Coast redwood seedling regeneration following fire in a southern coast redwood forestAuthor(s): Rachel Lazzeri-Aerts; Will Russell
Source: Gen. Tech. Rep. PSW-GTR-258. Albany, CA: U.S. Department of Agriculture, Forest Service, Pacific Southwest Research Station: 99-101
Publication Series: General Technical Report (GTR)
Station: Pacific Southwest Research Station
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It has been hypothesized that individuals adapted to conditions near the species’ range edge, may increase the likelihood that the species will persevere under changing climatic conditions (Rehm et al. 2015). The southern coast redwood (Sequoia sempervirens (D. Don) Endl.) forests vary from more northern redwood forests in terms of stand size, genetics, forest associates, and have less annual precipitation (Noss 2000). Redwoods regenerate through both seed and basal sprouting, with sprouting being the dominate regeneration method (Douhovnikoff et al. 2004). A study of three recent fires in the Santa Cruz Mountains, California found that one site had significantly more redwood seedlings 1 year post-fire than the other two sites (Lazzeri-Aerts and Russell 2014). Our objectives were to: 1) quantify seedling germination and size, and 2) characterize environmental conditions on this site 8 years post-fire. Prolific seedling recruitment and growth may help the species persist under changing climate conditions. As conditions become drier and warmer in the southern part of the redwood range, the increased ability to regenerate through seed germination may be an advantage.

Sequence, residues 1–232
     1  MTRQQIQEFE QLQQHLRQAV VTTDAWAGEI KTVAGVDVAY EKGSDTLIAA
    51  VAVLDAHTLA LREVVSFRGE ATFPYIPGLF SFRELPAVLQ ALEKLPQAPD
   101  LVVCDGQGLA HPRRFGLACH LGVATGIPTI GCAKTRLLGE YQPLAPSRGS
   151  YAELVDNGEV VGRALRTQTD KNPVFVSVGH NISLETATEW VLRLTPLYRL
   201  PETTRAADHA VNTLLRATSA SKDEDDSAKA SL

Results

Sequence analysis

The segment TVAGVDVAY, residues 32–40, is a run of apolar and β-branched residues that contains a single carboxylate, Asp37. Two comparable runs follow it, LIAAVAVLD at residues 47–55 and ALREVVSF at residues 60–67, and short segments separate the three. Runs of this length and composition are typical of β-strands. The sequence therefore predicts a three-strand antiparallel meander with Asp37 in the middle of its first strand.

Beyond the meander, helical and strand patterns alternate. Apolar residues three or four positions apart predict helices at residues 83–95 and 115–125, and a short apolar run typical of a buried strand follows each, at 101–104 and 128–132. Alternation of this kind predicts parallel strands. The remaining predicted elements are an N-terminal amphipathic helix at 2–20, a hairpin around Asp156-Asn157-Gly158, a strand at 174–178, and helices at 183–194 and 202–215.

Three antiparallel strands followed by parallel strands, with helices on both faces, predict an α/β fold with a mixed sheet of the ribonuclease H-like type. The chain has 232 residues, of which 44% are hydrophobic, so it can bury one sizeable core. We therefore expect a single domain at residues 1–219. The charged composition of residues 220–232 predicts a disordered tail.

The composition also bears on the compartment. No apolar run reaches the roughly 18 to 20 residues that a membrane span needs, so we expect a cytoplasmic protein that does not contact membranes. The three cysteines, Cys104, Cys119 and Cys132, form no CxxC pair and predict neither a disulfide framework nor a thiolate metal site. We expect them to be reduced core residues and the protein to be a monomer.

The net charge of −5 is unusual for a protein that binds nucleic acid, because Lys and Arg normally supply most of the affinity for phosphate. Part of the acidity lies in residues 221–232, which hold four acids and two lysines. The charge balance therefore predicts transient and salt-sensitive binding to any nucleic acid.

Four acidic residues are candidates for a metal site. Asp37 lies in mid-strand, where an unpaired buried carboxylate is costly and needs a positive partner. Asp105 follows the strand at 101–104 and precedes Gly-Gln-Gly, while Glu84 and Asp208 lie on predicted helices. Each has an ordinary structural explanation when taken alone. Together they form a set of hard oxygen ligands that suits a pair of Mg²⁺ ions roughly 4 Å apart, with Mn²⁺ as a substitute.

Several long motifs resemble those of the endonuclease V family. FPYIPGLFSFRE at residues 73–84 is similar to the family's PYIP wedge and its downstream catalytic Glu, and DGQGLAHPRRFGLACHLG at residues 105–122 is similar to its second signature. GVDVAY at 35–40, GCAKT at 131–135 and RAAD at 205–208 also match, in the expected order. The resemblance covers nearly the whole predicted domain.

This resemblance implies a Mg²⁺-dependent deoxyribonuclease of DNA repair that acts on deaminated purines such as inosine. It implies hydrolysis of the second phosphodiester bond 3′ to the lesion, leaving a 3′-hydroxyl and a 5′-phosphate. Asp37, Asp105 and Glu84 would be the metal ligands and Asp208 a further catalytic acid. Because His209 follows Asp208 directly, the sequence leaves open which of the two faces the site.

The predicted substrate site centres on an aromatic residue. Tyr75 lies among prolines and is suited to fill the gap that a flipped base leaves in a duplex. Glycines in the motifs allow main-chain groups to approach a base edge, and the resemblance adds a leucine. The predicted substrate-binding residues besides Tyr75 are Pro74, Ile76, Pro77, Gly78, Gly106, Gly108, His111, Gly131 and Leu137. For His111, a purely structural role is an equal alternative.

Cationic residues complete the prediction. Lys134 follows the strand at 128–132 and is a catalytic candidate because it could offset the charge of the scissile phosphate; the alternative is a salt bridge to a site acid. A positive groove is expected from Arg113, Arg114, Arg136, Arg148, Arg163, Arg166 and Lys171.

The Whitehurst Fire burned 103 ha (256 ac) within the Mt. Madonna County Park, Santa Clara County, California in June 2008 within a mixed coast redwood forest. Twenty-six plots were sampled in 2009 and 2016 for number of seedlings in three size classes (small: < 0.05 m (< 1.64 ft), medium: 0.5 to 1.0 m (1.64 to 3.28 ft), and large: > 1.0 m (> 3.28 ft)), height of tallest seedling, canopy cover, shrub cover, duff depth, soil moisture, slope, and aspect.
On average, more redwood seedlings were found than seedlings of three other common forest associates—madrone (Arbutus menziesii Pursh), tanoak (Notholithocarpus densiflorus (Hook. & Arn.) P.S. Manos, C.H. Cannon, & S.H. Oh), and mixed oak (Quercus agrifolia Née, Q. chrysolepis Liebm., Q. wislizeni A. DC.)—in both 2009 and 2016. There were fewer redwood and madrone seedlings per square meter in 2016 than 2009, but more tanoak and oak seedlings per square meter in 2016 (fig. 1). The difference in mean number of seedlings was significantly lower for redwood (p = 0.03) and significantly higher for tanoak (p = 0.0004).
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CitationLazzeri-Aerts, Rachel; Russell, Will. 2017. Coast redwood seedling regeneration following fire in a southern coast redwood forest. In: Standiford, Richard B.; Valachovic, Yana, tech cords. Coast redwood science symposium—2016: Past successes and future direction. Proceedings of a workshop. Gen. Tech. Rep. PSW-GTR-258. Albany, CA: U.S. Department of Agriculture, Forest Service, Pacific Southwest Research Station: 99-101.
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